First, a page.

* Manhattan office vacancy rate ticks up-Cushman & Wakefield
* Rent nearly flat, more companies stay put than move
* Reis Inc report saw slight decline in NY office vacancies
By Ilaina Jonas
NEW YORK, Oct 2 (Reuters) - The Manhattan office vacancy rate ticked up in the third quarter and average rent was essentially flat, as demand for office space remained soft, real estate services company Cushman & Wakefield said on Tuesday.
The overall Manhattan vacancy rate at the end of the third quarter stood at 9.6 percent, up from 9.3 percent a year earlier and from 9.0 from in the second quarter, said the report.
During the third quarter tenants signed leases for 5.7 million square feet of new space, down from 6.4 million in the third quarter 2011.
The Manhattan office market totals about 392 million square feet of space.
Earlier on Tuesday, Reis Inc issued a U.S. office market report for the third quarter that showed a slight drop in office vacancies, including for New York. The two companies calculate vacancy rates based on a different time frame, with Cushman projecting space that will become available in the next six months.
Demand for new space was soft, said Cushman & Wakefield. Tenants were reluctant to spend to move but also to transform raw space into offices, Vice Chairman Lou D'Avanzo said during a presentation of the data.
Additionally, many companies have reduced the amount of space they lease per employee and have held off adding new hires.
"They're not taking additional space because their headcount is at best static," D'Avanzo said.
The soft demand for new space is reflected in the amount of office space leased so far this year.
Compared with the last year, the amount of office space called for under new leases in Manhattan fell 30 percent from the beginning of the year through September. After adding renewals, which rose 55 percent, it was off just 13.4 percent.
The average asking rent for Manhattan space overall totaled $58.83 per square foot at the end of the quarter, up 4.8 percent from a year earlier but essentially flat with the second quarter's $58.90 per square foot.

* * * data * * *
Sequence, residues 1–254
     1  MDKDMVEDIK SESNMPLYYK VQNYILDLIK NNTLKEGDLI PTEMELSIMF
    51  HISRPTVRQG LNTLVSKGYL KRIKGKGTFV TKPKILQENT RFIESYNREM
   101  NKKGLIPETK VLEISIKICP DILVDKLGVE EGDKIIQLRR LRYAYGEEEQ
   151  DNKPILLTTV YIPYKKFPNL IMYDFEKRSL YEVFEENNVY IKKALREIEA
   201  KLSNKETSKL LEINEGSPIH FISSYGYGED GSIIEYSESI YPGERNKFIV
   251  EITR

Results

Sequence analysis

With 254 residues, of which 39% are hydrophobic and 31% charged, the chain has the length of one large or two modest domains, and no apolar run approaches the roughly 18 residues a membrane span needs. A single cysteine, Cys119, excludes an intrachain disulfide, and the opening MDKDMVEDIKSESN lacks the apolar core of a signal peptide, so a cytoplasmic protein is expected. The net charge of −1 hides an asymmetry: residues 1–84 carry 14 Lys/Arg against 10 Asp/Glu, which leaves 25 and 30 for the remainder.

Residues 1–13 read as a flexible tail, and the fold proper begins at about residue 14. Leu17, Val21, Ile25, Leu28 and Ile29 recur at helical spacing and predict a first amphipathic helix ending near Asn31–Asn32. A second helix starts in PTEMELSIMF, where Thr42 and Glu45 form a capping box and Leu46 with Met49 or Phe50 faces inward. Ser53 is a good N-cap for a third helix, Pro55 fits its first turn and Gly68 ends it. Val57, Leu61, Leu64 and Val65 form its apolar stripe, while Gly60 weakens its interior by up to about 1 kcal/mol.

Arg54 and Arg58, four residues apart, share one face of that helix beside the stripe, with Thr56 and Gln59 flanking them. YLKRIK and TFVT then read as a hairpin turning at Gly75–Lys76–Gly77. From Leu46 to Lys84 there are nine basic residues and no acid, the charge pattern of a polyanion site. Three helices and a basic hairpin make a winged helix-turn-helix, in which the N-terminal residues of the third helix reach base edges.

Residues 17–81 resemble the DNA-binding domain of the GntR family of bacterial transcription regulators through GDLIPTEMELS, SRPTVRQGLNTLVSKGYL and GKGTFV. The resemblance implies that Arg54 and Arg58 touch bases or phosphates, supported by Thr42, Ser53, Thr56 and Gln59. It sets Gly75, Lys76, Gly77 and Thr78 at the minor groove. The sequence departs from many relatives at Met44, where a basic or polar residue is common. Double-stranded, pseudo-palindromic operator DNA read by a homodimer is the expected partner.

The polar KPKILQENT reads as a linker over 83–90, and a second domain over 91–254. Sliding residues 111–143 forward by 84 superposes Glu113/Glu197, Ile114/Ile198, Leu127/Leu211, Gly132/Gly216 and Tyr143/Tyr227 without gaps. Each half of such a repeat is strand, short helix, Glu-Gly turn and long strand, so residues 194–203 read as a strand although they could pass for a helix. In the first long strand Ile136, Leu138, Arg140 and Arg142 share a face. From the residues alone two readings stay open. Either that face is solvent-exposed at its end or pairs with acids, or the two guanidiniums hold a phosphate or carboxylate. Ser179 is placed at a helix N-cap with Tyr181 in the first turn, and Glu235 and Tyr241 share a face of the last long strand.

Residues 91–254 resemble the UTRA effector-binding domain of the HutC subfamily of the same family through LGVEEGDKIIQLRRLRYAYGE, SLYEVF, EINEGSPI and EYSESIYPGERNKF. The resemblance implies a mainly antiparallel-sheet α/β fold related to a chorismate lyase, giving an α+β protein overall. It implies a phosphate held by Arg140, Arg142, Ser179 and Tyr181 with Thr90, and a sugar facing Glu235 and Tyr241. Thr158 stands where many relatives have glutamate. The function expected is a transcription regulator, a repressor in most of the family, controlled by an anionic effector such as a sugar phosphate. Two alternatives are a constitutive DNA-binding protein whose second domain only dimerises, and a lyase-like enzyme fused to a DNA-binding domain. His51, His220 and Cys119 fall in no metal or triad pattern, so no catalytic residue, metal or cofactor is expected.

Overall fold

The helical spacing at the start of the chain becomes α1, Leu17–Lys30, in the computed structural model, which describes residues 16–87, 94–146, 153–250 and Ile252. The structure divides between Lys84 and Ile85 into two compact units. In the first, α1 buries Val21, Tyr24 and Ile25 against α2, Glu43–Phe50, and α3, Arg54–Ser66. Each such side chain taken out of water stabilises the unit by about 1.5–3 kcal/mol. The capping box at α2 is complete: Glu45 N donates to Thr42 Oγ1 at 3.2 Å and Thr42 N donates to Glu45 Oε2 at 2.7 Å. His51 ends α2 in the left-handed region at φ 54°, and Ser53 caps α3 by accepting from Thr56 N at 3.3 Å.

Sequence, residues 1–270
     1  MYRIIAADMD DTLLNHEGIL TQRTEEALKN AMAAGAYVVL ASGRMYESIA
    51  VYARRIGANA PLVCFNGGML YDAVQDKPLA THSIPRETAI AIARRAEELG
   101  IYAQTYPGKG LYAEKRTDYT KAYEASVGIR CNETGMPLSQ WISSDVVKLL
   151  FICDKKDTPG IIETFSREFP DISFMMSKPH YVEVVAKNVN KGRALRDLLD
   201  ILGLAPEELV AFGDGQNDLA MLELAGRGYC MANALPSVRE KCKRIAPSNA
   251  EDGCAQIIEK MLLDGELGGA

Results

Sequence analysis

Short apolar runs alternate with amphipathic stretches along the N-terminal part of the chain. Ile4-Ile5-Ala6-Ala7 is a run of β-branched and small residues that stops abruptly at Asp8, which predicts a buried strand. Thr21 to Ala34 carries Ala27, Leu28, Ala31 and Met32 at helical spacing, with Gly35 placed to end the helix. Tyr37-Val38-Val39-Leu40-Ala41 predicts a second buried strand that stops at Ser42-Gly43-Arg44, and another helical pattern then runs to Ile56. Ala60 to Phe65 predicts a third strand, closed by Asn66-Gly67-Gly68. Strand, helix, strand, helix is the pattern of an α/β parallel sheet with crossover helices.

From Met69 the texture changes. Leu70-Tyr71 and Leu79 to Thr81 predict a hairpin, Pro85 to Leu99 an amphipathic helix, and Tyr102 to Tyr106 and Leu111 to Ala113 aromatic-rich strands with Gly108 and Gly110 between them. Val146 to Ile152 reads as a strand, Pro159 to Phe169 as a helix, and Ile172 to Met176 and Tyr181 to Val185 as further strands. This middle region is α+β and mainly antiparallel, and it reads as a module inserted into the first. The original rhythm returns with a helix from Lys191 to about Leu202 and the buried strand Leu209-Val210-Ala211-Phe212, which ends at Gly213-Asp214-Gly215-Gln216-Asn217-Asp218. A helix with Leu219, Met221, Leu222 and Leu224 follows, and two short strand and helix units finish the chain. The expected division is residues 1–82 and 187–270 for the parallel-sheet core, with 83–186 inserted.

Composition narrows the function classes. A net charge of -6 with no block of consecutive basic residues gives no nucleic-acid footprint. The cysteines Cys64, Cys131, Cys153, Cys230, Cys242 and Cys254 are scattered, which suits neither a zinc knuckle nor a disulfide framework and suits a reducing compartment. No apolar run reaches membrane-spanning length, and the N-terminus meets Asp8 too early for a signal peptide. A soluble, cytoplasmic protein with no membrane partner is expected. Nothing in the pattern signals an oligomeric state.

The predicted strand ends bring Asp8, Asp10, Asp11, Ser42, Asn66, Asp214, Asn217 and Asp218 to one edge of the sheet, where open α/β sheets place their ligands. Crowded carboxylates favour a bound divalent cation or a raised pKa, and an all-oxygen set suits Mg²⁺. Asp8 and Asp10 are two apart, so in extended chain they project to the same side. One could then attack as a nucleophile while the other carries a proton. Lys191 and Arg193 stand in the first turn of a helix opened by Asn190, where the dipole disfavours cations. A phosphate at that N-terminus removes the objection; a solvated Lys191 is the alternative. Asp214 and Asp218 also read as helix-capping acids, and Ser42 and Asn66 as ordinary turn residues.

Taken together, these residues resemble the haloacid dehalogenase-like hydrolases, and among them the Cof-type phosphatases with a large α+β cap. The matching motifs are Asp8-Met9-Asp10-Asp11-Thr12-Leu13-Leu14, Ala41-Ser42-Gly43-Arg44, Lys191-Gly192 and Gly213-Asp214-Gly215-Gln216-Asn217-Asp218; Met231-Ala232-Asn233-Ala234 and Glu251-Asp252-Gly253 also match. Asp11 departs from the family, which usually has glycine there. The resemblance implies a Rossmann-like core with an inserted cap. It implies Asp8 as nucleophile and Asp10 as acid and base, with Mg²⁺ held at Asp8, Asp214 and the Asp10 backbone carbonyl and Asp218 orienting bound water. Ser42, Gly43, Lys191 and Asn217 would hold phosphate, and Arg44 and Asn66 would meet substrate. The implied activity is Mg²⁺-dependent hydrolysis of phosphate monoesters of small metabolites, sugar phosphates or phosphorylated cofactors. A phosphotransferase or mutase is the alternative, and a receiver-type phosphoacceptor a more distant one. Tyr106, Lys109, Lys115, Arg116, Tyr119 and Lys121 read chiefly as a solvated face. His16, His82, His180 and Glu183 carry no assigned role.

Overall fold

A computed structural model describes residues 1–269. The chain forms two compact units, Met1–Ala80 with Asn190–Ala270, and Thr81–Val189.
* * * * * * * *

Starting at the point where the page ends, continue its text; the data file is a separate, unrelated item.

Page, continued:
Asking rent is usually significantly higher than what tenants pay. Asking rent is often negotiated downward and does not include months of free rent and other perks landlords offer to lure or retain tenants. In strong markets, effective and asking rents are closer than they are when the market is weak.
At about 9 percent, the Manhattan office market is considered in "equilibrium," where tenants and landlords have about the same negotiating power.
For top class buildings, asking rent rose 3.7 percent over a year ago to $67.06 per square foot.
Even the hottest office market, Midtown South, saw its vacancy rate rise to 6.6 percent, up from 6.1 percent last quarter as more than 425,000 square feet of space came available or is expected to become available within the next six months, said Cushman & Wakefield.
But Midtown South remained the place to be for tech and tech/media tenants, who pushed the average asking rent up 10 percent to $42.12 per square foot.
The Downtown vacancy rate fell to 9.3 percent in the third quarter from 9.9 percent a year ago, but rose from the second quarter's 8.9 percent. The average asking rent rose 1.9 percent to $39.83 per square foot from $39.10 per square foot last quarter.
Meanwhile, sales of office buildings also trailed last year, with the value of sales so far this year down 30 percent to $13.6 billion. But the number of sales has increased to 195 from 187 as the average size of the deal has shrunk to $70 million from $100 million, according to Cushman & Wakefield.
Part of the reason for the decline in value of sales is the drop in distressed sales or sales of partial interests. The values of office buildings have rebounded significantly within the last couple of years, with fewer landlords finding their properties worth less than their loans.
Distressed sales during the third quarter comprised about 2.5 percent of the total volume, down from about 48 percent in the second quarter 2011, according to Cushman & Wakefield. (Reporting By Ilaina Jonas; Editing by Tim Dobbyn)